Hemstreet’s presentation came just hours before the county’s School Board adopted its budget for fiscal 2013. The School Board had previously delayed adoption twice as it searched for ways to fill an estimated $35.7 million gap between the $831.6 million plan proposed by Superintendent Edgar B. Hatrick III and the county budget presented by Hemstreet, which reflected the supervisors’ desire to avoid raising taxes to fund the school system.
The proposal the School Board adopted Tuesday cut about $11 million from Hatrick’s plan. The school budget will now go before the supervisors.
Hemstreet’s budget included an option to allow a tax reduction of 5 percent. The budget maintained the current division of local tax funding, with 66 percent for public schools and 34 percent for general government, and included a 2 percent performance-based salary increase for government employees.
The plan calls for $18 million more in funding, including $12.4 million in local taxes, over fiscal 2012, Hemstreet said.
But the budget was still lean and focused on core necessities, Hemstreet said. “Eighty-five cents of every local tax dollar goes to fund the schools, debt services and public safety,” he said.
The remaining 15 percent supports health and welfare services, general government, parks and recreation and other community services, according to Hemstreet’s presentation.
Although Hemstreet’s plan requires only a $1.27 tax rate, he told the supervisors that he planned to advertise a tax rate of $1.29, to give the board flexibility as it exams the budget.
“There are several unknowns,” he said. “The Loudoun County public schools have not yet adopted their budget, and there are many aspects of the state budget process that may yet impact the county.”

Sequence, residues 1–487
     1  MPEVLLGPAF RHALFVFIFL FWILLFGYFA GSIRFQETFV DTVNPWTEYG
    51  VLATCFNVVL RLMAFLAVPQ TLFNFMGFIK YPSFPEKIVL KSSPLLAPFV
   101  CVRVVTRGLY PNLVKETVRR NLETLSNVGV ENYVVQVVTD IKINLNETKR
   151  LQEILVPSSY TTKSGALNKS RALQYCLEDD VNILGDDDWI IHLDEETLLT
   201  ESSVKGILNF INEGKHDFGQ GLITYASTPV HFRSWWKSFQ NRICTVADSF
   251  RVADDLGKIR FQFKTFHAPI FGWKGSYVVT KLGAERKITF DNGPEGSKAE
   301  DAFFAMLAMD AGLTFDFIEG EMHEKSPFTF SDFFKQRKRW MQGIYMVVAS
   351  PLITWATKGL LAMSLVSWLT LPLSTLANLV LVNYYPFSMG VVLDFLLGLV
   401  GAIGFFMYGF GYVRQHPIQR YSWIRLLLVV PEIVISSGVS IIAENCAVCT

The School Board adopted its budget later that evening, after a heated debate between new and veteran members about a series of motions and proposed cuts to Hatrick’s plan.
In trimming Hatrick’s proposal, the board abandoned the initial phase of a full-day kindergarten program, reduced the Foreign Language in Elementary Schools program and removed 69 full-time employee positions, among other cuts.
The board also heeded the emotional pleas of school system workers by making no changes to employee benefits. The plan provides a flat raise to most school employees but excludes more than 500 who are already among the highest paid in the system.
Veteran board member Thomas E. Reed (At Large) said the School Board should not be making cuts to programs before the budget is reviewed by supervisors. Some of those cuts had not been reviewed by county staff members, he said, and were proposed without a thorough understanding of what the impact might be.
“This process tonight is horrible, is absolutely horrible,” Reed said.
Vice Chairman Jill Turgeon (Blue Ridge), one of the board’s six new members, pushed back.
“I think this play back and forth of old board members, new School Board members, it is what it is,” she said. “We are here, we were chosen by the people to be here, and while we may differ on philosophies, my job as School Board member is to represent the people to the schools. It’s not the other way around.”
Sandy Sullivan, president of the Loudoun Education Association, shared the concerns voiced by veteran board members.
“We are aware that, depending on what the supervisors do, there might be even worse cuts,” she said. “But it’s concerning when these cuts are happening before the public has a chance to speak before the supervisors.”
Sullivan said school employees would be closely following the county budget deliberations.
“We’ll need a lot of folks turning up at the public hearings again,” she said. “That will be a really big part of our focus over the next couple months.”